GARDINER — I write this in the hope that it may in some small way diminish the personal animosity that’s found its way into the discussion of Sen. Susan Collins’ vote to confirm Judge Brett Kavanaugh to the Supreme Court.

I have something of an insider’s perspective, as I was a member of a working group, consisting of five former and current staffers, all attorneys, assembled by Collins to help her review Kavanaugh’s record and formulate questions for him. Lest it be assumed that the group was politically homogeneous, I voted for the Democrat in the last 13 presidential elections.

Collins’ vote to confirm was anything but a foregone conclusion. Our working group had six briefings on Kavanaugh’s judicial record by attorneys from the nonpartisan Congressional Research Service. The senator attended each one. In addition, we read and discussed what we deemed his most significant opinions, speeches and articles. The culmination was a substantive two-hour meeting (which I was privileged to attend) between the senator and the judge, followed by a one-hour phone call.

The process became less structured after Dr. Christine Blasey Ford’s allegation, but we still had informal exchanges on difficult issues such as where the burden of proof should lie, as the senator struggled to determine the fairest way to resolve the conflicting testimony of two very credible witnesses. Whatever one’s view of Collins’ ultimate decision, there is no denying the thorough and objective manner in which she approached it.

Kavanaugh’s record is more mixed than often assumed. Given space limitations, let me focus on two widely held misconceptions.

Kavanaugh did not rule that an undocumented minor does not have a right to an abortion. He asserted in the case in question that the government should have a short period of time to find a custodian for the minor as long as it could be done without unduly impeding her access to the abortion. He rejected the position of another dissenting judge that Roe v. Wade simply did not apply.

Kavanaugh did not state that employers may invoke religious objections to deny employees access to contraceptive health services. Asserting that government has a compelling interest in providing such services, he reached the very opposite conclusion. He did argue that the services should be provided in a manner that least intrudes on the employer’s religious beliefs, a position ultimately accepted by the Obama administration.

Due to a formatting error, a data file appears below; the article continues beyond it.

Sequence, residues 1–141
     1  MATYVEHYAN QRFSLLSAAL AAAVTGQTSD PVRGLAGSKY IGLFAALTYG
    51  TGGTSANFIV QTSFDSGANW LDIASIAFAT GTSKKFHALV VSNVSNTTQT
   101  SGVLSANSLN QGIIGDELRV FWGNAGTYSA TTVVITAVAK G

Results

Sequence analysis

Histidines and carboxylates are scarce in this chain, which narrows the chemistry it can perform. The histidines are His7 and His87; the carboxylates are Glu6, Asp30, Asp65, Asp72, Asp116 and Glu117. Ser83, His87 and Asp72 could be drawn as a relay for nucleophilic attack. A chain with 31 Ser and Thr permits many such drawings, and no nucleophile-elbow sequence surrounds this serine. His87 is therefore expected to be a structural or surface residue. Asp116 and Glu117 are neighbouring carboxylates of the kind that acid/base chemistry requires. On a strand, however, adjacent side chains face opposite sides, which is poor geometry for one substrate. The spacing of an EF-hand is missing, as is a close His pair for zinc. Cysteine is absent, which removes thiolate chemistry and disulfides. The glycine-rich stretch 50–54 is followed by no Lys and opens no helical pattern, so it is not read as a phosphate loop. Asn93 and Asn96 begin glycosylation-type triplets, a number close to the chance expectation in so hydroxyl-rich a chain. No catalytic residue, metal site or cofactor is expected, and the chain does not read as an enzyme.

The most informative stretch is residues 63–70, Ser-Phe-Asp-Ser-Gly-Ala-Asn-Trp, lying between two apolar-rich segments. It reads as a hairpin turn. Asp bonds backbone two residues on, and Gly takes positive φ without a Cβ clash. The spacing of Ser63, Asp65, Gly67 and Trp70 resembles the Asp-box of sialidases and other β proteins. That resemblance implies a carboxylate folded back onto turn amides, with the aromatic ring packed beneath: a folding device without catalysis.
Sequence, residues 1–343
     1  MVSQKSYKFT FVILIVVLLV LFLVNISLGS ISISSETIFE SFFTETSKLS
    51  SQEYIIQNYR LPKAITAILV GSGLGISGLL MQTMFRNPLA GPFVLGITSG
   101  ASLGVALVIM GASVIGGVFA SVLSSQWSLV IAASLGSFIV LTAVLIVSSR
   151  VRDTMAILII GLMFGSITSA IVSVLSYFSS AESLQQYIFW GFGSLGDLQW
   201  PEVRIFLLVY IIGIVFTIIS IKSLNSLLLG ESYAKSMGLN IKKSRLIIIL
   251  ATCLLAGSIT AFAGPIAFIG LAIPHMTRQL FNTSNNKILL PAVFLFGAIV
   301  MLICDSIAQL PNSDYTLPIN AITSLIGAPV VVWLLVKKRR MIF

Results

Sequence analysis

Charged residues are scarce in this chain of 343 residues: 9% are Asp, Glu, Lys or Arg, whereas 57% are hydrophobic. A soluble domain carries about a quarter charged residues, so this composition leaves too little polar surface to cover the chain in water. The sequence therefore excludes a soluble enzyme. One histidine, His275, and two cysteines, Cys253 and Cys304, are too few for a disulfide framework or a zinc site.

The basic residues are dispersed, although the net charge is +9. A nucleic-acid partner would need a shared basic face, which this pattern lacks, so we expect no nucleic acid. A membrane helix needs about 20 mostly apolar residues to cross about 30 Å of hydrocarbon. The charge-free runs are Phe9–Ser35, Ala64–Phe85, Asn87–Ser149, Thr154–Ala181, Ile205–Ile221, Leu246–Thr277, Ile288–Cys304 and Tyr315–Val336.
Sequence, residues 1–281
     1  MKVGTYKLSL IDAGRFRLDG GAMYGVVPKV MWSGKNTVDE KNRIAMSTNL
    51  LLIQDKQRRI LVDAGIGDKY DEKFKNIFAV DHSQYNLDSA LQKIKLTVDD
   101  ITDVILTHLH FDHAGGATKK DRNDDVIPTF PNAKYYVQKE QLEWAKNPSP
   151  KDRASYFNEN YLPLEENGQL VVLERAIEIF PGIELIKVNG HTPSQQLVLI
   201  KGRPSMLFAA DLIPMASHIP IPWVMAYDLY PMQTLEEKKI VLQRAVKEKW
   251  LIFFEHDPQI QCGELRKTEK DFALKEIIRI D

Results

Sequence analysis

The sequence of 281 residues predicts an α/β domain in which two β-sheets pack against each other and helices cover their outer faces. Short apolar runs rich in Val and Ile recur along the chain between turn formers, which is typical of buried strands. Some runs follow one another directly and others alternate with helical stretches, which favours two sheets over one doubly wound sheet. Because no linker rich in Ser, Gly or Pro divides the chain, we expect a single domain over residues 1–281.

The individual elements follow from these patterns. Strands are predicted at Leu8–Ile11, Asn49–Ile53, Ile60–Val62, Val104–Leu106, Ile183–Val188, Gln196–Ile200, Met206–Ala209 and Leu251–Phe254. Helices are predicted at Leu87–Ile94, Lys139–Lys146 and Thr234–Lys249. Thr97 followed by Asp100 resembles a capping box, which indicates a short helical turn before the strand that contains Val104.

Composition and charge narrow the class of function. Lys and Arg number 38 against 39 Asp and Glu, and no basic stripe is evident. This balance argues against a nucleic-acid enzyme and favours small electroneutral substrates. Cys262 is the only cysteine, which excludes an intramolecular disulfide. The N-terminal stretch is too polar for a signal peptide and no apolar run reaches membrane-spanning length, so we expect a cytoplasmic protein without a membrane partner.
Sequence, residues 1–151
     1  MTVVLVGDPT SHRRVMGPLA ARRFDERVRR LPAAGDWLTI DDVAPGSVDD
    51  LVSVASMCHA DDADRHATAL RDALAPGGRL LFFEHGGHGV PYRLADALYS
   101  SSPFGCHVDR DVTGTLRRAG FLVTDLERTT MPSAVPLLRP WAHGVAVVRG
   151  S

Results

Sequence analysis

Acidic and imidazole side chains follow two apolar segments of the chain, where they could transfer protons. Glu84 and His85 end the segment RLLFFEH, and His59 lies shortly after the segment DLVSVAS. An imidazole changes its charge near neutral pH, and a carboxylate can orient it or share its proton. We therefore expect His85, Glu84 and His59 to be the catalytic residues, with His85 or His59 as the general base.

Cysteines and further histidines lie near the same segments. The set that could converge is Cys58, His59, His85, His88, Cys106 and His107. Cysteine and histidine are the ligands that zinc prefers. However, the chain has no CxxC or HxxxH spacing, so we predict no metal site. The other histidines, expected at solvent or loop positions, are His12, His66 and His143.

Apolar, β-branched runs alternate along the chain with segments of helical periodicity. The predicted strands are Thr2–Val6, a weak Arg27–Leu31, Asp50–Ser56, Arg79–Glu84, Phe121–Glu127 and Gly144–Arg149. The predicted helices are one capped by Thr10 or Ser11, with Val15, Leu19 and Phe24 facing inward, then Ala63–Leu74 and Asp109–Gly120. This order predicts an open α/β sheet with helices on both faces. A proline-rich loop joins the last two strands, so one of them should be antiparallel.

In both instances, Kavanaugh occupied the middle ground on very controversial issues. There is reason to believe he will work to find compromises on a court hopelessly divided along ideological lines.

Had Kavanaugh been rejected, the addition of just one seat to the Republican majority in the Senate would almost certainly lead to a more conservative selection. Among those strongly opposing Kavanaugh was the socially conservative Judicial Action Group, in large part because he refused to rule that an undocumented minor does not have a right to an abortion and that employers may deny contraceptive coverage for religious reasons.

As they said in a letter to Majority Leader Mitch McConnell, they found the other names on the president’s short list far more palatable, something with ominous implications if there were still a vacancy on the court and a larger Republican majority in the Senate after the midterm elections.

Collins has been consistent in her approach to Supreme Court nominations. As she explained in her floor statement, a major consideration for the senator is not whether a nominee agrees with her on all issues, but rather whether the nominee’s views are in the mainstream of legal thought. Among those vouching for Kavanaugh in this regard was Lisa Blatt, a former clerk for Justice Ruth Bader Ginsburg and a self-described “liberal Democrat and an unapologetic defender of a woman’s right to choose.” Collins applied the same standard in voting to confirm Justices Sonia Sotomayor and Elena Kagan.

The purpose of the foregoing is not to win converts to the appointment but rather to counter unwarranted, and at times inflammatory, assertions that have taken the Kavanaugh debate beyond mere incivility to a frightening level of personal hostility.

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